By Jenny Huang and Ying Wang, Fitch
It’s clear that China is embracing “supply-side reform” to reduce excess industrial capacity and shed unviable assets because its debt-driven growth policies were not working. The shift is essential for battling the middle income trap, but the reform’s effectiveness remains uncertain.
While Chinese leaders have set the tone to let the market play a decisive role, many reform policies have deviated from this principle in light of hefty social and financial costs.
One of the greatest reform challenges is employee settlement in heavy industries plagued by overcapacity including steel, coal and aluminium. More than 2m workers may be affected. Read more
By Eric Lascelles, RBC Global Asset Management
China now commands the world’s attention, having transformed itself into an economic superpower that generates a startling one-third of global economic growth. In a growth-scarce world, the thought of losing even a smidgen of this is unsettling.
For this reason, it is of crucial important to track the constellation of vulnerabilities and unknowns that orbit China. Among these, the country’s housing market is a subject of disproportionate importance. This is due to its centrality, its sheer heft, and also its seeming vulnerability.
Housing acts as something of an economic fulcrum that exerts an outsized influence over China’s banks, heavy industries, builders and households. We figure it is directly or indirectly responsible for a whopping 19 per cent of China’s economic output. Read more
Tourists steer clear of Brazil, Russia, India and Nigeria because of onerous visa requirements, EM Squared reported last week. But even with easy tourist visas in place, these emerging market giants won’t reach their full potential. The real key lies in enhancing the ease of doing business and developing adequate infrastructure.
Visa policies are certainly a real barrier to tourist arrivals. No matter how beautiful or intriguing your country is as a tourist destination, if you make it too complicated for tourists to visit, they will stay away. That problem is not limited to emerging markets. A few years ago, US Travel Association estimated that the US lost the equivalent of 467,000 jobs due to the difficulty for citizens of primarily Brazil, India and China to obtain a visa. Read more
By Luke Nolan, Student.com
China’s magnetism as a destination for international students is intensifying as Chinese universities climb the global rankings and the number of people who study the Chinese language in their home countries also rises.
You need only look at the figures from last year to understand the extent of the boom. A record-breaking 397,635 international students flocked to China for their studies in 2015, which solidified the country’s position as the third most popular destination for overseas students. The US and UK still dominate the market, but China is chasing hard on their heels. Read more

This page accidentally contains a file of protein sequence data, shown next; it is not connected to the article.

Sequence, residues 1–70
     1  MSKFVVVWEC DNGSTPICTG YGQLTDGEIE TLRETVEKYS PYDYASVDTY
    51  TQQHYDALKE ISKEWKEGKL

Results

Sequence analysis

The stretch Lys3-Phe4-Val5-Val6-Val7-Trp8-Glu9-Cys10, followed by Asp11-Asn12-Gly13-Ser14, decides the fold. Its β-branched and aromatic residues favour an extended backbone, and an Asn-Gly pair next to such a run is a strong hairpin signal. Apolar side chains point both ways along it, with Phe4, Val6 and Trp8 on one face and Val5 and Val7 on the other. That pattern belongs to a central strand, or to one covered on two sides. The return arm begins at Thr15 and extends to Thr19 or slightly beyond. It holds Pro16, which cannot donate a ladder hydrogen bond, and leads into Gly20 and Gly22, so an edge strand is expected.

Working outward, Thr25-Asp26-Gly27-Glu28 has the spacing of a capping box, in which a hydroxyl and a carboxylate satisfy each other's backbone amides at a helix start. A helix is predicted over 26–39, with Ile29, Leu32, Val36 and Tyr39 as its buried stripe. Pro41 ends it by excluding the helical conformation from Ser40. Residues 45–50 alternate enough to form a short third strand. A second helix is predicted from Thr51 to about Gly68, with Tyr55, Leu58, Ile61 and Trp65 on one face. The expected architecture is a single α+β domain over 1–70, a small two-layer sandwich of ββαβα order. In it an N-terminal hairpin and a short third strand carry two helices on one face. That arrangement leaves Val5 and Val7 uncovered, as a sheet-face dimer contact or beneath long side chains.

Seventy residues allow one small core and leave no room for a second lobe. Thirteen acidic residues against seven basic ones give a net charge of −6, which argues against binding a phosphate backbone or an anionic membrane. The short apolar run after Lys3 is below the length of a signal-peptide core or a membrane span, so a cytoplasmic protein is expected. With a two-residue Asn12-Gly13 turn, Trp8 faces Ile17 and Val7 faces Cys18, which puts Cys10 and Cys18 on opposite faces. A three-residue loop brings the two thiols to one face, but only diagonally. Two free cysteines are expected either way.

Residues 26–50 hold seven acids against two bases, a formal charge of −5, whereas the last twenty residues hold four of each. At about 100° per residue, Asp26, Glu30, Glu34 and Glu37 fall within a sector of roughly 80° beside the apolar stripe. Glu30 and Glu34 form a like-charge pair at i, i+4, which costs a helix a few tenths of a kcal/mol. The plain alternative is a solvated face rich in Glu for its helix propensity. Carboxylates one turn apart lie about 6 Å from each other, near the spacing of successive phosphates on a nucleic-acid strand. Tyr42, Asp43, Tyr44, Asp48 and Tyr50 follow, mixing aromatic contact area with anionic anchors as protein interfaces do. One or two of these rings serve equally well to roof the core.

Banks and investors in Southeast Asia have poured billions of dollars over the past five years into hot forest-risk commodity sectors – palm oil, pulp and paper, rubber – helping to ignite a firestorm – literally – of tropical deforestation, land conflicts and human rights abuses.
Last year the haze from Indonesia’s forest fires, set as a cheap way to clear land for further plantation expansion, sparked a regional public health emergency as choking smoke spread across Indonesia, Singapore, Malaysia and Thailand, closing schools, airports and businesses and leaving millions gasping for clean air. Scientists estimate fires in Indonesia emitted 1.5bn metric tonnes of CO2 into the atmosphere, more than Japan’s total annual fossil fuel emissions, while the World Bank said they caused more than $16bn in direct economic losses to the Indonesian economy. No wonder that Indonesia’s forest fires earned the title of the world’s worst environmental disaster of 2015. Read more
The death of Islam Karimov, Uzbekistan’s president, marks the end of one of the world’s most ruthless dictatorships. Karimov reportedly tortured dissidents, incarcerated thousands of political prisoners and maintained airtight control over the Central Asian state’s media and social spaces.
But he was also a master at leveraging the geopolitical agendas of outsiders for his personal benefit. Over decades, his rule exposed the contradictions of western policy and revealed the hard limits of western attempts to promote reforms in Central Asia. Read more
News that Ikea is rolling out an online shopping platform in China – its first in the Asia-Pacific region – could be a sign that Western retailers are at last reacting to rising costs and shifts in consumer shopping behaviour. But what has taken them so long?